Czesław Miłosz was born at Šeteniai (Polish: Szetejnie), Lithuania, in what was then part of the Russian Empire, into a Polonized Lithuanian family of the Lubicz coat-of-arms. Although he did not speak Lithuanian, he emphasized — as had Adam Mickiewicz and Józef Piłsudski — his family connections with the ancient Grand Duchy of Lithuania, which for centuries had been part of the Polish-Lithuanian Commonwealth. He spent part of his childhood, about the time of the Russian Revolution of 1917, in Russia. His law studies were at Vilnius, then part of the Second Polish Republic.
After World War II, in 1951, as cultural attaché of the communist People's Republic of Poland in Paris, Miłosz broke with his government and obtained political asylum in France. In 1953 he received the Prix Littéraire Européen (European Literary Prize).
In 1960 Miłosz came to the United States, and in 1970 he took U.S. citizenship. In 1961 he began a professorship in Polish literature in the Department of Slavic Languages and Literatures at the University of California, Berkeley. In 1978 Miłosz received the Neustadt International Prize for Literature. He retired that same year, but continued teaching at Berkeley. In 1980 he received the Nobel Prize for Literature.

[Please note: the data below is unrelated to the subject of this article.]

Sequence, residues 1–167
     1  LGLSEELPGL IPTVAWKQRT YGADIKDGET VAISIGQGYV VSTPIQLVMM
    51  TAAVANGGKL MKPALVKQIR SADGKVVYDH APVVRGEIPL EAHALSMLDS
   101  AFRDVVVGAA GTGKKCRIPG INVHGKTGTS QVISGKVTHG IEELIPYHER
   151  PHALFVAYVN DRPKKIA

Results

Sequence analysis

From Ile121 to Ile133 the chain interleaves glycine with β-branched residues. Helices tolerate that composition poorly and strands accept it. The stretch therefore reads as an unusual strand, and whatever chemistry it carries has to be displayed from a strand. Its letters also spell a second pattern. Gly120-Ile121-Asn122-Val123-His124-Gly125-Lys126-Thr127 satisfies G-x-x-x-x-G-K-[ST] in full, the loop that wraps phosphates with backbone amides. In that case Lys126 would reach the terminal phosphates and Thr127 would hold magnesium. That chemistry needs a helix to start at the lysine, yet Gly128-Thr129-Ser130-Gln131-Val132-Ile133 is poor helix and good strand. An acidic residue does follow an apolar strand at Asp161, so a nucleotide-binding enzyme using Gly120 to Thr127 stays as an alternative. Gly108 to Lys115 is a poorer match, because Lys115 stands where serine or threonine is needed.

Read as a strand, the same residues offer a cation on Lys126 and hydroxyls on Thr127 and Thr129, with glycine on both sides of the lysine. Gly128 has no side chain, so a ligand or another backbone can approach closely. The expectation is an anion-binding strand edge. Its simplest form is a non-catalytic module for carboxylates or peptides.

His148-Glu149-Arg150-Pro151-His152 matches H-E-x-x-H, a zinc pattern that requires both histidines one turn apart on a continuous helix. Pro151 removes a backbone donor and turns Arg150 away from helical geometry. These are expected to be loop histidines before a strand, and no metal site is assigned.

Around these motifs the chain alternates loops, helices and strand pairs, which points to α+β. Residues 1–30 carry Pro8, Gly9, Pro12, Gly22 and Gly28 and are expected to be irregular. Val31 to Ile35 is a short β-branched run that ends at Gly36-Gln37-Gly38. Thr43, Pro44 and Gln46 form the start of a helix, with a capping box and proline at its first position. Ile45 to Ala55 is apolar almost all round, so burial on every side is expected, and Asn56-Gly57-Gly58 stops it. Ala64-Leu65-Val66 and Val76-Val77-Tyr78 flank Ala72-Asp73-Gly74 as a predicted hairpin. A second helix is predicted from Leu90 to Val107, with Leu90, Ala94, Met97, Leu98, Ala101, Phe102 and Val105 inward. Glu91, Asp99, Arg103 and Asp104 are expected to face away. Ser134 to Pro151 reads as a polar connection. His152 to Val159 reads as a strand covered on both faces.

When the Iron Curtain fell, Miłosz was able to return to Poland, at first to visit and later to live there part-time.
In 1989 Miłosz received the National Medal of Arts and an honorary doctorate from Harvard University.
His book The Captive Mind (1953) is considered one of the finest studies of intellectuals under a repressive regime. He observed that those who became dissidents were not necessarily the ones with the strongest minds, but rather those with the weakest stomachs. The mind can rationalize anything, he said, but the stomach can take only so much. He also said that as a poet he avoided touching his nation's wounds, for fear of making them holy.
Czesław Miłosz is honored, at Israel's Yad Vashem memorial to the Holocaust, as one of the "Righteous among the Nations." Poems by him were placed on a monument to fallen shipyard workers in Gdańsk.
His books and poems have been translated into English by many hands, including Jane Zielonko (The Captive Mind), Miłosz himself, his Berkeley students, and his friends and Berkeley colleagues, Peter Dale Scott, Robert Pinsky and Robert Hass.
Miłosz spoke English with a Polish accent. Once, during a 1966 lecture at the University of California, Berkeley, he startled students with a reference to "the Juice in Poland" (he had meant "the Jews in Poland").
Miłosz took pleasure occasionally in deflating academic pomposity, as when he recounted the stir he had caused in referring at a literary conference to "turpism" (same root as the English "turpitude"), which some in the audience took to be a new literary movement.
Though somewhat reserved in manner, in the 1960s he would playfully greet a Polish-Argentinian-American coed with, "How's your sex life?"
Miłosz died in 2004, at his home in Kraków, aged 93. His first wife, Janina, had died in 1986; and his second wife, Carol, a U.S.-born historian, in 2002. Miłosz was buried at Kraków's Skałka Church.